Galway’s Joe Canning and David Burke celebrate winning the Allianz League Division One trophy this year. Galway were the third team in a row to benefit from the more sedate surrounds of Division 1B. Photograph: Morgan Treacy/Inpho

Taking all that into account, who is likely to be going eyeballs-out from the start of February when the league that matters starts in May? Galway, Waterford and Tipperary surely have no call to be. Cork and Dublin will have new managers, Kilkenny will have new players to find.

You could see Davy Fitz taking a swing at it on the basis that it will do Wexford no harm to rack up wins of any stripe against the higher-ups. Limerick have probably spent too long trying to get out of 1B to give up now. And maybe, at a push, Clare might give it a lash in attempt to locate their groove again. But chances are, whoever is crowned league champions for 2018 will look back on it as something of a happy accident rather than a concrete pre-season goal ticked off.

Worth a candle

As for football, a few factors have coalesced over the past two seasons to make you wonder who will consider the 2018 league worth a candle to them. The introduction of the Super 8s is the most obvious, as it means the back end of the season will necessitate playing something like five games in seven weeks to win an All-Ireland. Look around the teams with All-Ireland notions – Kerry and Mayo will surely be blooding players, Tyrone could be (or at least ought to be) trying out a new system. Dublin weren’t at full-pelt at any stage during this year’s league, by design.

But even without the Super 8s, the worth of a good league has been questionable enough over the past few seasons for the next tier of teams below the big contenders. Donegal, Roscommon and Monaghan have all thrown huge efforts into the league recently only to end up with disappointing summers off the back of them.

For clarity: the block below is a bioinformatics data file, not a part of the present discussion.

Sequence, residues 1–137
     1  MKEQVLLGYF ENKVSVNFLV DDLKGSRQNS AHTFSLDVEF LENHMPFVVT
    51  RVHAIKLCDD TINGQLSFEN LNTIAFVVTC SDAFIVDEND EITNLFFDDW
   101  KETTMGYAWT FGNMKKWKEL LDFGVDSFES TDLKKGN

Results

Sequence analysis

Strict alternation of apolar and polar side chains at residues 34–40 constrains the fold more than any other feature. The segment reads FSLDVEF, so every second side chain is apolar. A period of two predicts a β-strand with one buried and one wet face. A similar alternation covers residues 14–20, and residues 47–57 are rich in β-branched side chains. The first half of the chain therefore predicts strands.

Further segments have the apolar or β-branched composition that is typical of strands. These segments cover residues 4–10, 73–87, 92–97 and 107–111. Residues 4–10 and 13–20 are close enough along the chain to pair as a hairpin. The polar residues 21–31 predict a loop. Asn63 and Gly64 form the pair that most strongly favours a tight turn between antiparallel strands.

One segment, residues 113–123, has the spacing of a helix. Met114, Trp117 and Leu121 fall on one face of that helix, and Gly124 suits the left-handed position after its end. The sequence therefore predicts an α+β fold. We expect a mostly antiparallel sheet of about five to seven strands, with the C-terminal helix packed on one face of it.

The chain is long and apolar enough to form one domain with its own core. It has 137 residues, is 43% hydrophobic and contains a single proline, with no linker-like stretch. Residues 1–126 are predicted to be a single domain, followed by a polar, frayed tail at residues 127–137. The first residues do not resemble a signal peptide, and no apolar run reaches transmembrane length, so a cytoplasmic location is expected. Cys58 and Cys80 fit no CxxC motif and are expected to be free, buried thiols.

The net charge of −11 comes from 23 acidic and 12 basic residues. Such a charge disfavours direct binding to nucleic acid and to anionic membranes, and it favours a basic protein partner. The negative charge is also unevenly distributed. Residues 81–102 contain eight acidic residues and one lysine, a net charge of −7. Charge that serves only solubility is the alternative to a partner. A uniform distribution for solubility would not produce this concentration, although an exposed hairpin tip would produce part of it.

The Rossies, indeed, went full circle on it and effectively sacrificed Division One status this year with the aim of targeting a Connacht title. Even if there was no Super 8s in 2018, you’d imagine Monaghan and Donegal would be driving with a light enough foot in the early part of the year given how limp their exits were in 2017. Kildare and Galway will have a certain amount of newly-promoted zeal about them but there’s no certainty it will last.

Hell-for-leather

Oddly enough, then, the most watchable fare next spring will most likely take place down the divisions. For the majority of counties, a Division Two, Three or Four title is their only shot at silverware for the year. Since they continue to show no desire for a Tier Two championship, the spring competition is likely to be the long and short of it for 2018. So why wouldn’t a Clare or a Louth or a Tipperary go hell-for-leather to try and win Division Two? Ditto the likes of Derry, Longford and Armagh in Division Three and Laois, Carlow and Antrim in Division Four.

Next year will be the most radical GAA season since the foundation of the association. Compressed like none that has gone before, full of fits and starts and, initially at least, containing an element of blind flying for everyone. The chances of us getting a sight of anyone’s true colours before May are slimmer than they’ve ever been.